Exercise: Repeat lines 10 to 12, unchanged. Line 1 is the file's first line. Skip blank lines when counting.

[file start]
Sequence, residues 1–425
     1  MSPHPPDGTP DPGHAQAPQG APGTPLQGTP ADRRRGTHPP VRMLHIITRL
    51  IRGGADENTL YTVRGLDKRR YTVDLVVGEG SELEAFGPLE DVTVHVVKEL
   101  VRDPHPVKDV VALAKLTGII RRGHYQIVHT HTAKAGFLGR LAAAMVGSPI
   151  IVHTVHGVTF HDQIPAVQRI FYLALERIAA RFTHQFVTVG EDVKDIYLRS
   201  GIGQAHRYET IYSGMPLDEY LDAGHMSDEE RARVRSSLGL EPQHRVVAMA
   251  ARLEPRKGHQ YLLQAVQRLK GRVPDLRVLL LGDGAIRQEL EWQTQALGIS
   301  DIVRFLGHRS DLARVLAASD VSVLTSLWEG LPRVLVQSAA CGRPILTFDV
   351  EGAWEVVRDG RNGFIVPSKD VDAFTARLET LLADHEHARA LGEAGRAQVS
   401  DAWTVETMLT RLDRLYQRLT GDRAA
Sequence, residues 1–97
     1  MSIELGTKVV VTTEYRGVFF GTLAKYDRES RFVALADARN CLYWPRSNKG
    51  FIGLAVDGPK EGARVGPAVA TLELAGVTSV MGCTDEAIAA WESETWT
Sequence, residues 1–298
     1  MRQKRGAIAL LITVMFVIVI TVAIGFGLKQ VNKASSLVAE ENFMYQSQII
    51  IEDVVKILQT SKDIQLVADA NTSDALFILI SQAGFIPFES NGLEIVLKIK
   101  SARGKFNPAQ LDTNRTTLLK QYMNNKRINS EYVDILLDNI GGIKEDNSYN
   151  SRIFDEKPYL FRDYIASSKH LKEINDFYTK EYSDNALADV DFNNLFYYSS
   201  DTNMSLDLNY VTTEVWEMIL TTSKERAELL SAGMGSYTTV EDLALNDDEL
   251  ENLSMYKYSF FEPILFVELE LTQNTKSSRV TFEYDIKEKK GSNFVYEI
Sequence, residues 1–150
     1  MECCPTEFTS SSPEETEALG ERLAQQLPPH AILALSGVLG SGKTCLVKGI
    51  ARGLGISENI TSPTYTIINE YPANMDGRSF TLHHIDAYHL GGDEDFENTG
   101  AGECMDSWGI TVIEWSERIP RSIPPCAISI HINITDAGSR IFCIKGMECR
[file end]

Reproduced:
   401  DAWTVETMLT RLDRLYQRLT GDRAA
Sequence, residues 1–97
     1  MSIELGTKVV VTTEYRGVFF GTLAKYDRES RFVALADARN CLYWPRSNKG